They call it Biting the Bone.
On a manhunt for a particularly bad outlaw in the Lower 48 several years ago, we flew over a deserted camp a couple of miles off the road. The pilot set down nearby so we could search for any sign that might connect the spot to our fugitive and provide us direction of travel. Among other things, we found that the camp's previous occupants had eaten a can of peaches and a roasted sage hen. What was left of the bird’s drumsticks showed that the campers had not only eaten every last shred of meat off the bones, but gnawed the little round nubbins of cartilage off both ends, crunching through bone to get at the marrow.
I dated a girl in high school who ate chicken this way. In fact, I do believe she preferred chicken bone to chicken meat. But, apart from her, I’ve not met many well-fed Americans who can get past all the chewy tendons and connective tissue on a chicken leg, let alone go to the trouble of biting the bone. I have, however, known many people from Mexico and South America who were raised doing just that.
Again, I’m drawing generalities here, but we’re giving it our best guess when we track. In this particular case the guess that this camp didn’t belong to our fugitive, but to a couple of possibly undocumented visitors from south-of-the-border, was bolstered when we found remnants of red chili peppers in some poop.
I know, ‘again with the poop’. I warned you that would be part of this tracking business.
As we saw in my last post, there is a heck of a lot more to cutting sign than looking at footprints. Good trackers are good naturalists. I enjoyed Chuck Tyrell’s post on survival skills. Knowing what plants are and are not native to an area is stuff every good tracker puts in his or her medicine bag for later use.
|In the pucker brush. I'm working rear guard on the right.|
We have a saying in Alaska: Step out of the RV and into the food chain.
Up here, wilderness work with the US Marshals carried the added wrinkle of not being at the top of that food chain—whether we happened to be tracking a felon or looking for a hunter who had lost his way. The knowledge that what started as the search for a missing hiker might well turn into the scene of a bear mauling—and at worst, a grizzly guarding a fresh kill—made us pay special attention to the story on the ground as it unfolded before us.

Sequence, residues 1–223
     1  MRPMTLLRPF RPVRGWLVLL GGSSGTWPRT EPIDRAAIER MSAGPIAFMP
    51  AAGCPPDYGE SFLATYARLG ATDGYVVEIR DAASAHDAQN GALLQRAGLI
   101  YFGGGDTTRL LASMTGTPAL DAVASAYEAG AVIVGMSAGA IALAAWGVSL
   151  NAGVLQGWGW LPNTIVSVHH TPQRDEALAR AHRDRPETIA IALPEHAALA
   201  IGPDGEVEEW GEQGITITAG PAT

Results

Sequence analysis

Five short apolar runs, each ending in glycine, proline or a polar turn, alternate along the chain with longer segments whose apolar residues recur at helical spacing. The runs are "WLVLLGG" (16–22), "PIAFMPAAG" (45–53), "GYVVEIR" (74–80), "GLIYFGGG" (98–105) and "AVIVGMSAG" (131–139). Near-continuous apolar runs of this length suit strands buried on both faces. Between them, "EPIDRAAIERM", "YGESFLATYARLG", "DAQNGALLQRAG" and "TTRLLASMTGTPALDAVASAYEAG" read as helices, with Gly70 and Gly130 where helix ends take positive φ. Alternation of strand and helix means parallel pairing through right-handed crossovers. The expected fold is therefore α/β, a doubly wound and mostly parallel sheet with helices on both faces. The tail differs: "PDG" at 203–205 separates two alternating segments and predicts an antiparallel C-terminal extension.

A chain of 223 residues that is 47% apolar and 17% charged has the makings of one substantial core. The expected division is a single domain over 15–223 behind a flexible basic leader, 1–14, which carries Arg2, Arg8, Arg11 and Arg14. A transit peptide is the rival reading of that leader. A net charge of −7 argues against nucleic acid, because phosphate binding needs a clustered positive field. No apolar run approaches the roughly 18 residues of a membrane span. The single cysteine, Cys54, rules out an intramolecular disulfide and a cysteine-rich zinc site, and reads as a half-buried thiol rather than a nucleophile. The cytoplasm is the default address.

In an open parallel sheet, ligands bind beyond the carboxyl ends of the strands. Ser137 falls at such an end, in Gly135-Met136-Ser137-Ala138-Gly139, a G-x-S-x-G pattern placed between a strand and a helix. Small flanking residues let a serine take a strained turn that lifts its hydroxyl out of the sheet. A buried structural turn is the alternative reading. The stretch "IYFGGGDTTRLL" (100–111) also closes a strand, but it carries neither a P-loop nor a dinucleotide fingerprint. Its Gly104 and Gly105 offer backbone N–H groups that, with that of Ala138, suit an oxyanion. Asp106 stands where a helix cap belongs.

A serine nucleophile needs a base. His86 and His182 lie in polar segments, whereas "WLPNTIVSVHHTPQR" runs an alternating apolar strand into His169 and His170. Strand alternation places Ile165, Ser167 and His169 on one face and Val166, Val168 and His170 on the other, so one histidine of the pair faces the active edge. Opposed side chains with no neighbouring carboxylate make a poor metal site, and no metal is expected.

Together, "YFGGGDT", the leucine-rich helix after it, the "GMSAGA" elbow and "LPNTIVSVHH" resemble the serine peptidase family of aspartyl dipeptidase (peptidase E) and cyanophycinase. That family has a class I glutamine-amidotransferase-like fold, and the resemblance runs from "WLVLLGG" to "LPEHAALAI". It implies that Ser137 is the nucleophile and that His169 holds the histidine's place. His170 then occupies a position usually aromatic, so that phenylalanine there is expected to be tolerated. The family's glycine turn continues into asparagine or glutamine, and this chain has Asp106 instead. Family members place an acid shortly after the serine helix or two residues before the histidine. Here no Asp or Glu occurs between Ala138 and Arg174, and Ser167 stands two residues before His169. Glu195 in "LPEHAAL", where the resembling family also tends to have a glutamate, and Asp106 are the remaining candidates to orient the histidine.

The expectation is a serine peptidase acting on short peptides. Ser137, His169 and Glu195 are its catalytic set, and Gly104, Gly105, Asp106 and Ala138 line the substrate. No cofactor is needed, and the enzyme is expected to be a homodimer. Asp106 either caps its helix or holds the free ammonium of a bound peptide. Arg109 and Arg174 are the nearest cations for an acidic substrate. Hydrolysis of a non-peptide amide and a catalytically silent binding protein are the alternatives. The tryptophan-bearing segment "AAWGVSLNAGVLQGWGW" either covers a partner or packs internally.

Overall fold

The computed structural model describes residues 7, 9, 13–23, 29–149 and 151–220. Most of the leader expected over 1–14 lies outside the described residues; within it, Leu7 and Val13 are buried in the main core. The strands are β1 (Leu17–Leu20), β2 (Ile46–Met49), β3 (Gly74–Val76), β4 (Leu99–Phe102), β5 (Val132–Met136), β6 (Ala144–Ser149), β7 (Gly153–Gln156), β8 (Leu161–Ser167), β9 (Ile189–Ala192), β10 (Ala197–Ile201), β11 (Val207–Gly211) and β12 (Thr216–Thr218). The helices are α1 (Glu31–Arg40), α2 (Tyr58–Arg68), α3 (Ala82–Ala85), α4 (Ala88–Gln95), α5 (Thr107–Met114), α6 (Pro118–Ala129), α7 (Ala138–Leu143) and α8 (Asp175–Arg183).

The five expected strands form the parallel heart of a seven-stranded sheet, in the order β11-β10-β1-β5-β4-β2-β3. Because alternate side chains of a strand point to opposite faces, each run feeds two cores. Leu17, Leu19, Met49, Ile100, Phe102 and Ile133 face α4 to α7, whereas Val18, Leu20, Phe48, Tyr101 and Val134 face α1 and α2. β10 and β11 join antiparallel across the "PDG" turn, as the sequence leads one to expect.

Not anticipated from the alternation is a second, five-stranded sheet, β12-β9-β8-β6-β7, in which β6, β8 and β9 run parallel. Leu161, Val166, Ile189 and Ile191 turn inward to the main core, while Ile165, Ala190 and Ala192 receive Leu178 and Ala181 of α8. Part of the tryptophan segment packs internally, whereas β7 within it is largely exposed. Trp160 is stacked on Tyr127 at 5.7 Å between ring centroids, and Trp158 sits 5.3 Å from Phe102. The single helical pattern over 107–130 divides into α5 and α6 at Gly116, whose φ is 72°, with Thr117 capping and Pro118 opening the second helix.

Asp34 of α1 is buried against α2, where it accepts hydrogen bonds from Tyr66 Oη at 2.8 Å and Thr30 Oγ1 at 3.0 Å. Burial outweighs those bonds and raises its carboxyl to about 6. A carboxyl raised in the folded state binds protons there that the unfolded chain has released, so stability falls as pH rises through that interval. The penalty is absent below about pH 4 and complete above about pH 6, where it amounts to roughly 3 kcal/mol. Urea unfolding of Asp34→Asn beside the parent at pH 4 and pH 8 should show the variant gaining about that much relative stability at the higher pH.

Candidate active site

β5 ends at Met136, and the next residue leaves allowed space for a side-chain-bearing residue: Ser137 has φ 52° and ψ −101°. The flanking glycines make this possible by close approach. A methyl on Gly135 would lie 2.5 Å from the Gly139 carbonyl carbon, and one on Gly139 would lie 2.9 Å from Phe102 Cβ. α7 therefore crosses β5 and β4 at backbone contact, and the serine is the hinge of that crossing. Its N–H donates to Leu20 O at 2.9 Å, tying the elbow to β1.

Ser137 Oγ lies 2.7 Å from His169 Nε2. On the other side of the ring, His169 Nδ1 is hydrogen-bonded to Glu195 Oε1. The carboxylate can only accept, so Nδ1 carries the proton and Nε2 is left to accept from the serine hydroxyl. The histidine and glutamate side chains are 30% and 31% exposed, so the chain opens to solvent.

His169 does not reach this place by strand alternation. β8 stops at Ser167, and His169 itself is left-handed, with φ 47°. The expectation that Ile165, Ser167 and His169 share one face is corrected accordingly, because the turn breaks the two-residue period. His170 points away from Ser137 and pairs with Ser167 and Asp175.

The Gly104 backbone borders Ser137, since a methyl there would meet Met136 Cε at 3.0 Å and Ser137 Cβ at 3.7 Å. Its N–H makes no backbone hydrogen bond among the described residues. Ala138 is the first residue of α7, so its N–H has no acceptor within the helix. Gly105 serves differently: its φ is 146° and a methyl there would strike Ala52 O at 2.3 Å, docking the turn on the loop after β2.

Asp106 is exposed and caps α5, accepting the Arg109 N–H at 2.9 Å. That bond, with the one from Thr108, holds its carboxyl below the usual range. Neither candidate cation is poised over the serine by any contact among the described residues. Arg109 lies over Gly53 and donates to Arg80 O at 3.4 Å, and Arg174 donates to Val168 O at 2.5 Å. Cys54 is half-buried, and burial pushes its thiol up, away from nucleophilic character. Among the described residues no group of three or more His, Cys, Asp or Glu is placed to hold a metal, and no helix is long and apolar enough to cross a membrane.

Here’s a sample scenario that happened to us more than once:
--Pucker brush lines either side of the trail. (Pucker brush is named from the reaction of a certain muscle group in the body, caused by the high probability big grizzly bears are hiding in that brush.)
--On the trail we find the distinct impression of a Danner boot left by the person we are tracking--with lots of 'kick' debris forward of the toe.
--Over the front half of the boot track, driven deep into the mud, is the hind print of a large grizzly bear. --It measures eleven inches from heel to toe with another two inch span to the claw marks.
--The ground is saturated from nearby streams and water seeps into the track while we stand there.
|Note the "kicked" debris in front of each track. This is also an indicator the quarry is moving forward (not walking backward to confuse us)|
So, from this we learned:
Our quarry had passed this way, walking at a good pace.
A large grizzly was somewhere in between us and our quarry.
Said grizzly had stepped in the boot print recently enough that muddy water was still draining into its track.
A simple story but it’s irreplaceable training at reading sign—and keeping our eyes peeled for big toothy critters.
|Moose track over a boot print, water slowly seeping in. Note the 'kick' debris in front.|
So, from NATIONAL SECURITY, the first book in the Jericho Quinn series (Nov 2011), here’s Air Force OSI Agent Quinn and his new friend, Marine Gunny and Cajun, Jacques Thibodaux, on the night they are drawn into their new assignment.
“Somethin’s eatin’ you, ain’t it, Chair Force?”
“I was just thinking,” Quinn said. “You know I grew up in Alaska, right?”
“I always did want to see that place…in the summer, mind you.”
“The year before I left for the Academy,” Quinn said. “I went on this big deer hunt with my brother and dad out on Kodiak.”
Thibodaux raised an eyebrow. “There’s some mighty big bears on that island, beb.”
Quinn put his hands in his pockets against the chill. “It was dark and cool…just like tonight. We took three Sitka blacktail deer about dusk and were covered with blood by the time we headed back to camp with the meat in our packs.”
Thibodaux gave a low whistle. “Not a good way to be in bear country.”
“You’re telling me,” Quinn said, remembering the event as if it had just happened. “On the way back, we came around a corner in the alder brush next to a little mountain stream and there was this live salmon lying in the middle of the trail. Its skin had been peeled off right before we happened along and it was still flopping around in the mud--with some pretty serious teeth marks in its tail. The bear was nearby and pissed, thrashing in the alders, close enough we could smell him. No doubt he wanted to get back to his meal of freshly skinned salmon…”
“You feel that way now?” Thibodaux asked. “Like a hunter covered with blood in the middle of bear country?”
“Nope.” Quinn sighed, walking toward the darkened brick house. “I feel like the fish.”